Before the coronavirus, the teen vaping epidemic was the largest public health concern being discussed by policymakers and the media.

Story after story highlighted the real life effects of this crisis, and this issue rose to such prominence that President Trump held a first-of-its-kind round table on the issue last year.

The result of the intense public pressure was that the tobacco landscape completely transformed over the past two years.

The Food and Drug Administration (FDA) took action against vaping companies that targeted minors and banned the sale of flavored e-cigarette pods, and Congress passed federal “Tobacco 21” legislation that raised the minimum age to purchase tobacco products.

And these changes appear to be working, with the 2020 National Youth Tobacco Survey showing a decrease in the number of youth using vaping products, after years of steady and frightening increases.

The National Youth Tobacco Survey, which is an annual survey conducted to measure the tobacco usage habits of middle and high school students, showed that 19.6 percent of those surveyed reported using an e-cigarette at least once in the prior 30 days.

While this is still an unacceptably high percentage, this is a stark decline from 27.5 percent who reported using these products the previous year. This is equal to 1.8 million fewer students using vaping products.

Given the many changes that occurred in the tobacco space recently, it is hard to pinpoint which policy has resulted in such a significant decrease in teen vaping. But many point to Tobacco 21 legislation as the most effective policy change.

Late last year, with bipartisan support, the federal government passed an end-of-year spending bill that included a policy to increase the legal minimum age of purchasing tobacco products from 18 to 21, which President Trump signed into law. Since then, states across the country have rushed to ensure their state statutes and enforcement measures were in line with the new federal law.

And as a result, some states have already reported a decrease in teen vaping.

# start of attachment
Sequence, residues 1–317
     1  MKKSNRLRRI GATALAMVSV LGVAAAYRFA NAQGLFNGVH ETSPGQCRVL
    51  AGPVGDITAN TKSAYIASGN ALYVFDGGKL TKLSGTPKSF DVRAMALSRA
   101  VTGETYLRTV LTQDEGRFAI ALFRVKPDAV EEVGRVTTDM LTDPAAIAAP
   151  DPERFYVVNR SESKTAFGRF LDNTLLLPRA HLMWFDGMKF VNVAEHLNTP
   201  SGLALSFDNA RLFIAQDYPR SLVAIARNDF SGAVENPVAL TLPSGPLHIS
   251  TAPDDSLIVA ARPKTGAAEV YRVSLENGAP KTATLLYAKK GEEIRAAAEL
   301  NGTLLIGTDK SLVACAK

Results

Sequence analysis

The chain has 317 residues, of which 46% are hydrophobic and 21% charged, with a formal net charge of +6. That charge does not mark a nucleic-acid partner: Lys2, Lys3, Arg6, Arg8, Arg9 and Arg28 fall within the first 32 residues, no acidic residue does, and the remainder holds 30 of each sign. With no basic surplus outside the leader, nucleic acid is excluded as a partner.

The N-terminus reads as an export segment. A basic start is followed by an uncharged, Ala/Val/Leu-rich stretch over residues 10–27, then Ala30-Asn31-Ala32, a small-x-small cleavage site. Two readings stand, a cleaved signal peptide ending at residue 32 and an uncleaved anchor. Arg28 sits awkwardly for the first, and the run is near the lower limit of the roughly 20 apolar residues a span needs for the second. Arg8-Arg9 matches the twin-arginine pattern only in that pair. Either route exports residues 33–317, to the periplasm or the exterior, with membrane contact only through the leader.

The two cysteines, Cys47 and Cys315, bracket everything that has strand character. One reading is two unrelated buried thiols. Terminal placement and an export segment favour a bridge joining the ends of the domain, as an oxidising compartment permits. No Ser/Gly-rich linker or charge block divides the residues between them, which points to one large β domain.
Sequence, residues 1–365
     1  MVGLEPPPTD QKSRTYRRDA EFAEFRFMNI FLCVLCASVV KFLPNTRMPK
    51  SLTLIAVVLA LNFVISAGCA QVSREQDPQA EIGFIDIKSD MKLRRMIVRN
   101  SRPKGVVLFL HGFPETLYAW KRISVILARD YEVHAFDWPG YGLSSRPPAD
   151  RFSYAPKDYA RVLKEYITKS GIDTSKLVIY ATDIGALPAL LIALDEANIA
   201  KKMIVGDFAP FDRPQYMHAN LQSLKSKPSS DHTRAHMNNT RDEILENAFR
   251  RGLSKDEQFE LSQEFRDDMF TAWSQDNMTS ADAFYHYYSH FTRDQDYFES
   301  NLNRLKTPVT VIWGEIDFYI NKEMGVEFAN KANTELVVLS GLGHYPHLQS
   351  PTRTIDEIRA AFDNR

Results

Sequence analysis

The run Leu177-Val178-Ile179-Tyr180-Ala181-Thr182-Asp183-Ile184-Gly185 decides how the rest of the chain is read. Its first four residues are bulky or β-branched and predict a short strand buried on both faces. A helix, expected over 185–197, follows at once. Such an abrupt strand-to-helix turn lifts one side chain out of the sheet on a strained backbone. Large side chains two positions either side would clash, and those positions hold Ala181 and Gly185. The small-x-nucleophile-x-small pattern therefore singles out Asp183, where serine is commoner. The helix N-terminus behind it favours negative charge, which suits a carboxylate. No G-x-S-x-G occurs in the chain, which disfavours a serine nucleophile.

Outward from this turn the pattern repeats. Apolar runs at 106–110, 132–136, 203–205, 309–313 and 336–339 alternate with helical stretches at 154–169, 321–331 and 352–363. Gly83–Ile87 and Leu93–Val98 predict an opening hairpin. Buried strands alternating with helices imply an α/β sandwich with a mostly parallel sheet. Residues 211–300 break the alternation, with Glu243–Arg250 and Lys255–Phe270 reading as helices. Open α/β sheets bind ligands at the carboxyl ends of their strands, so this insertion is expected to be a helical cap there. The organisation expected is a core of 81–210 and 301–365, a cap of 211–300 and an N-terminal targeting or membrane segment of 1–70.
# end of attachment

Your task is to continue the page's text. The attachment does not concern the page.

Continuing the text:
Nevada, for example, reported a significant decrease in youth tobacco sales violations, from 26.7 percent in 2019 to 9.1 percent this year. Hillary Bunker, who is the head of the Nevada Tobacco Enforcement Unit, credited Tobacco 21 for this rapid decline.

And anecdotally, a high school in Georgia also reported a decrease in the confiscation of vapes after Tobacco 21 became law in the state.

The results of the National Youth Tobacco Survey further prove what research has already indicated. Since most minors get their tobacco products from social sources, removing those social sources by increasing the minimum age to buy these products is effective at removing access to these products.

As we know, some teens turn 18 while still in high school and can then act as the source for dozens of teens in their social circle. But at 21, very few if any are still associating with high schoolers, so increasing the legal age to purchase tobacco products severely limits the supplies in our schools.

While there is certainly more work to be done, this positive public policy outcome should not be overlooked.

The results of the 2020 National Youth Tobacco Survey represent a huge win for the health of the next generation, and we can only hope this progress will continue.